About Us

Our mission is to advance, support, and promote the natural, historic, and cultural resources of the region.

The recently-updated legal name of the heritage area is Chesapeake Crossroads Heritage Area, Inc. Our organization was previously known as the Four Rivers Heritage Area. We are a 501(c)3 nonprofit organization, and one of Maryland’s 13 certified heritage areas. We create and support products and activities that leverage economic development through preservation and heritage tourism.

Chesapeake Crossroads, one of Maryland’s state heritage areas, is an established heritage tourism destination on the Chesapeake Bay’s western shore. Framed by the Chesapeake Bay on the east and now including new areas of the northern and western parts of Anne Arundel County, Chesapeake Crossroads reflects Maryland’s rich historic, cultural, and natural legacy.

Chesapeake Crossroads is a partnership among the Maryland Heritage Areas Authority, Anne Arundel County, the City of Annapolis, the Town of Highland Beach, and heritage-related organizations and businesses. As an economic development tool, Chesapeake Crossroads develops and supports activities and projects that enhance heritage tourism, a growing segment of the tourism industry.

Interpretive Themes

The four Interpretive Themes of the Chesapeake Crossroads Heritage Area are related to our positioning, physically and conceptually, as a “Crossroads.”

For example, “Native American Archaeology in Anne Arundel County, Maryland: A Heritage Toolbox,” a project designed for students, teachers, and the curious public, which describes local archaeological discoveries with images of artifacts from the County’s archaeological holdings, and reveals insights about the deep history of indigenous peoples and their passages through the area that is known today as Anne Arundel County.

For example, an exhibit in Historic Annapolis’s Community Gallery that featured student works based on the traditional folk art of Costa Rica, El Salvador, Guatemala, Honduras, Mexico, and Panama reflecting the unique cultural aesthetics of their local communities in Annapolis and celebrates and fosters a greater appreciation of Hispanic history, art, and culture.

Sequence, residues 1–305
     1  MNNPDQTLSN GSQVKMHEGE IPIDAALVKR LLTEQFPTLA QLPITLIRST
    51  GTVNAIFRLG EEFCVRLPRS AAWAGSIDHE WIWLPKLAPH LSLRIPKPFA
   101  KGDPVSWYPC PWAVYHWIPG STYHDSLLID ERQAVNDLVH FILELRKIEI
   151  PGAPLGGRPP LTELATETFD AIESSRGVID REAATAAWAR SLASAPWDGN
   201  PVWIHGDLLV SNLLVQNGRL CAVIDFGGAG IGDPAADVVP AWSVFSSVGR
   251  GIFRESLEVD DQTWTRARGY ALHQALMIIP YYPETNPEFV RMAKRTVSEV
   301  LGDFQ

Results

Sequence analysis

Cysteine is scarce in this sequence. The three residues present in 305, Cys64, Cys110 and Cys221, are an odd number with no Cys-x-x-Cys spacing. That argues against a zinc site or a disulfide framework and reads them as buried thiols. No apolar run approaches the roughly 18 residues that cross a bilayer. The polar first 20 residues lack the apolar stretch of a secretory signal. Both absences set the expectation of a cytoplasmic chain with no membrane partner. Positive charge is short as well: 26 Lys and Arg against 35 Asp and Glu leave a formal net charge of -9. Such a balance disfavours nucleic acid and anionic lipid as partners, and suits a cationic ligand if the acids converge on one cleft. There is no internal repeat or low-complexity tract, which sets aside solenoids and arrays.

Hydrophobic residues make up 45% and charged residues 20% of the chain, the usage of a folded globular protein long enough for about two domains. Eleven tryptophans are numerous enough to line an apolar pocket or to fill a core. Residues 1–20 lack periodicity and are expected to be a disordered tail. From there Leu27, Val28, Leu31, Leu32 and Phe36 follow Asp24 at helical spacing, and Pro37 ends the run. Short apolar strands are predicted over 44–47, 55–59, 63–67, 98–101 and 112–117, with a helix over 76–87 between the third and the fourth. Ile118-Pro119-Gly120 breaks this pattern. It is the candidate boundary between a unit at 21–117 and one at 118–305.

For example, the Elktonia Beach Heritage Park, which shares the story of the community’s resiliency in the face of segregation at the original 180-acre amusement park, swimming area and concert pavilion that hosted famous artists like Chuck Berry, Little Richard, and Aretha Franklin. “The Beaches” had a prominent listing in the “Green Book,” the guidebook for Black travelers in the Jim Crow period.

For example, the Civil Rights Guide produced in February 2024 by Visit Annapolis and Anne Arundel County, which includes a tour of 60 historically significant sites around the County that mark the social changes that have occurred since the signing of the Civil Rights Act of 1964.

Our Board

Meet our Board of Directors

Timothy Leahy

Linnell Bowen
Vice Chair

Christine Dunham

Jean Russo, Ph.D.

Eric Elston, Ed.D.

Diane Nowak-Waring, APR

Lily Openshaw

Heather Skipper

Board materials can be found here (password protected).


Meet Our Staff

Carol A. Benson, Ph.D.
Executive Director
read bio

Coordinating Council

Meet Our Coordinating Council

Adetola Ajayi
City of Annapolis

Donna Anderson
Chesapeake Arts Center

Donald Bailey
Small Organizations Group

Karen Theimer Brown
Historic Annapolis

Honorable Gavin Buckley
Mayor, City of Annapolis

Jackie Coleman
Maryland Hall

Jane Cox
Anne Arundel County Planning & Zoning

Lynda Davis
Northern Arundel Cultural Preservation Society

Patricia Delgado, Ph.D.
Jug Bay Sanctuary

Heather Ersts
Visit Annapolis and Anne Arundel County

Erik Evans
Downtown Annapolis Partnership

Dianne Feeney
Hancock’s Resolution

Lynne Forsman
Annapolis Green

Janice Hayes-Williams
Anne Arundel County

Anson Hines, Ph.D.
Smithsonian Environmental Research Center

Jake Iverson

Chanel Johnson
Banneker-Douglass Museum

Sarah Knebel
Scenic Rivers Land Trust

Linda Páez
Goshen Farm Preservation Society

Emily Oland Squires
Maryland State Archives

Marcie Taylor-Thoma, Ph.D.
Education Committee

Dorothy Whitman
Galesville Heritage Society

Laura Wood
Conservation Representative